Dan Inosanto - Kali/Escrima, Kenpo, Japanese Jujitsu, Karate, Judo

Jesse Glover - Judo

Tim Tackett - Xing Yi Quan, Shaolin White Crane, Monkey Style

Leo Fong - Boxing

James Yimm Lee - Northern Sil Lum/Shaolin, Hung Gar, Iron Palm

Jhoon Rhee - Karate (Tang Soo Do/Tae Kwon Do)

Jerry Poteet - Kenpo

Gene LeBell - Judo, Wrestling

Wally Jay - Judo, Jujitsu

Taky Kimura - Karate

Chuck Norris - Karate, Kickboxing

    It's been said that Jun Fan Gong Fu was 85% Wing Tsun and 15% other stuff, and JKD is 60% Wing Tsun, 15% Boxing, 15% Fencing, and 10% other stuff (Quote from Sifu Lamar Davis). This is a very difficult thing to gauge, but I feel like this is a pretty accurate statement, give or take. Bruce's JKD was constantly evolving. These days, people add all kinds of things together in their JKD. But the core engine that drives it is Wing Tsun. That is the foundation for JKD. If you look at the Wing Tsun Principles, they parallel the JKD principles almost to the letter. Even the name "Intercepting Fist" is a basic fundamental concept of Wing Tsun.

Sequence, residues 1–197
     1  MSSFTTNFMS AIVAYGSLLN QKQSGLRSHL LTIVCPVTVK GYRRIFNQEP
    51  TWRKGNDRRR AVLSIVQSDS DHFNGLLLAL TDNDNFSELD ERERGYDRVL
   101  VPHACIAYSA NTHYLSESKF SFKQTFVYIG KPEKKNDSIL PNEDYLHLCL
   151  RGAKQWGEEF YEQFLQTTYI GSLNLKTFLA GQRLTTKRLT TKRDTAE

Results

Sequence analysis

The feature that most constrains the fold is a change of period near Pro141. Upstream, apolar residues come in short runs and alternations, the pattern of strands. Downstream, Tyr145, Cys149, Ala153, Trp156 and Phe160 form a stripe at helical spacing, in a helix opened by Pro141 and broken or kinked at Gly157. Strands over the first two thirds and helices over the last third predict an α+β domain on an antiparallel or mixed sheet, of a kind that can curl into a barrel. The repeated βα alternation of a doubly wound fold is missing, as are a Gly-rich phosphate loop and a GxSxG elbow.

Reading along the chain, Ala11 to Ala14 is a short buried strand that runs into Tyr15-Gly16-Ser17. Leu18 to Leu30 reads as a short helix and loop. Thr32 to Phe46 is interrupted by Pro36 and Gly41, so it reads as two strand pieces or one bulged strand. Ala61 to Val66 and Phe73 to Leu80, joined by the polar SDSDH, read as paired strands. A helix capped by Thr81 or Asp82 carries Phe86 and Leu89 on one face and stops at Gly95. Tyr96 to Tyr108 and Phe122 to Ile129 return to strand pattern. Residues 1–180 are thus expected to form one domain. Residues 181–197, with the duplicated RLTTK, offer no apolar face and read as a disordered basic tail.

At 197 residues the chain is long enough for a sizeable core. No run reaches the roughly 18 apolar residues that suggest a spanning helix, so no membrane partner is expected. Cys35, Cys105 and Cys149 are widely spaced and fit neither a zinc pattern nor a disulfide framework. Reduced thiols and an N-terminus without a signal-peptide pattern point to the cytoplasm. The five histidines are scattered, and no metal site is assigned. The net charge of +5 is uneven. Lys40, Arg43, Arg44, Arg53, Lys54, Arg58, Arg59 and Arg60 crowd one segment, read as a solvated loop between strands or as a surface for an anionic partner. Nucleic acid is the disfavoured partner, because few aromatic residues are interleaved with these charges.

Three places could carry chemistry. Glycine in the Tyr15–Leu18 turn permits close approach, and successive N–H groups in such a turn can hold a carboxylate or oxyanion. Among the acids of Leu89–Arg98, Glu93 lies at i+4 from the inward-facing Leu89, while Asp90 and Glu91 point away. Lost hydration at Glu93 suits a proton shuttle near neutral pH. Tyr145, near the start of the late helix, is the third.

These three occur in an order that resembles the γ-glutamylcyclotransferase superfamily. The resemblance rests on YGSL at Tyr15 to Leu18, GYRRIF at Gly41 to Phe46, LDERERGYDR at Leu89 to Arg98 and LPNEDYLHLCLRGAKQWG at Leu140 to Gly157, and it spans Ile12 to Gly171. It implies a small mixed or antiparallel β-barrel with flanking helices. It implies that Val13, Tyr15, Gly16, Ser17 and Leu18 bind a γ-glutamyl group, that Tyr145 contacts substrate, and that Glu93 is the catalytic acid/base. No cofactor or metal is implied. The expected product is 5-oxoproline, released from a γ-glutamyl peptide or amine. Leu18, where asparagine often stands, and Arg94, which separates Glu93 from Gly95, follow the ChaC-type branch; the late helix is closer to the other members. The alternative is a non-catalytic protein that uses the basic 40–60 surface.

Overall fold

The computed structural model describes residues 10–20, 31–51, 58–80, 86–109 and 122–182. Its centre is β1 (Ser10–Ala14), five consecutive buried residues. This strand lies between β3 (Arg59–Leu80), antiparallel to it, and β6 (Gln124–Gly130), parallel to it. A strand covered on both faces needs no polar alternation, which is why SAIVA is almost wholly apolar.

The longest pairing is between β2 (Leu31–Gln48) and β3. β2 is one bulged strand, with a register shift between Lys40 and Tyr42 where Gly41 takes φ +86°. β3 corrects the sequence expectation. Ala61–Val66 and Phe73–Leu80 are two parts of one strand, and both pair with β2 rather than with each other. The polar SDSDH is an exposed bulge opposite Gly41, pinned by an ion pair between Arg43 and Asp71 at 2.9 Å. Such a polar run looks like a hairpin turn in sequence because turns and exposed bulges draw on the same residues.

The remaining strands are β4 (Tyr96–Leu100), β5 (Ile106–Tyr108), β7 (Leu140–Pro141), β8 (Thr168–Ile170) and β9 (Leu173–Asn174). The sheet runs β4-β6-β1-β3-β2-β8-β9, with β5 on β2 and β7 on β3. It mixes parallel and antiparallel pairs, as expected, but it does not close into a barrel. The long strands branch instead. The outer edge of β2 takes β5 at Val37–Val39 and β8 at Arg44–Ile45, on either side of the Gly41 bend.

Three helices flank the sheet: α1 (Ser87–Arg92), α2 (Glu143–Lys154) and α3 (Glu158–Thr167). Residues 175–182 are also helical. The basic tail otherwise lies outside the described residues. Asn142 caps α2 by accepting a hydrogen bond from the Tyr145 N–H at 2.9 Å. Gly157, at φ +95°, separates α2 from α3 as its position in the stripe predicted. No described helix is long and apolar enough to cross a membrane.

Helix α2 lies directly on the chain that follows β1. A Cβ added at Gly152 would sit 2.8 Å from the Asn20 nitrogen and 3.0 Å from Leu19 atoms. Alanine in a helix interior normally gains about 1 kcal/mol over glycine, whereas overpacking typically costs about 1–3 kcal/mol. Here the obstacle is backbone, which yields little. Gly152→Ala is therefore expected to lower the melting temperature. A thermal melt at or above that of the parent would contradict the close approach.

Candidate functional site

Bruce had a very unique way of looking at things. Being a philosophy and drama major in college, his views were often complex and esoteric. He hated the way most traditional martial arts were taught at the time, focusing too much on flashy forms and inefficient movements instead of fighting, and wasting time with years of useless stance training and ritualistic traditions that weren't very practical just for the sake of being traditional. He felt that in this way, practitioners were being trapped within the confines of the style, prisoners to ineffective techniques that were often not pressure tested or even understood. He often criticized martial artists of the day as "swimming on dry land", too caught up in their "classical mess" and trying to look good in useless point-sparring competitions. Classical martial arts, he felt, had too much extra baggage and lost the focus of actual combat, and Bruce wished to liberate himself and his students from this.  When he developed JKD, his vision was for it to be "not a style, but a concept" that could be tailored to each individual practitioner and their strengths and weaknesses. "Be formless", not pressed into the mold of a style. Originally he didn't even want his system to be named, because then it would be quantified and "boxed in" as a "style". His training differed from most traditional martial arts in the sense that looking in on his class would look more like watching modern day boxers and MMA fighters train, as opposed to a Monk in a temple spending hours in his horse stance with incense burning and a bamboo flute playing in the background. With his idea of "retain what is useful, discard what is not", he streamlined his system to be able to train effective fighters very quickly. Since he customized his fighting method for himself, he stressed the fact that his students needed to use the tools and concepts he gave them to develop their own unique method and not try to mimic what he does, because what works for one won't work for all. JKD was designed to give the practitioner freedom to grow and become an expression of themselves.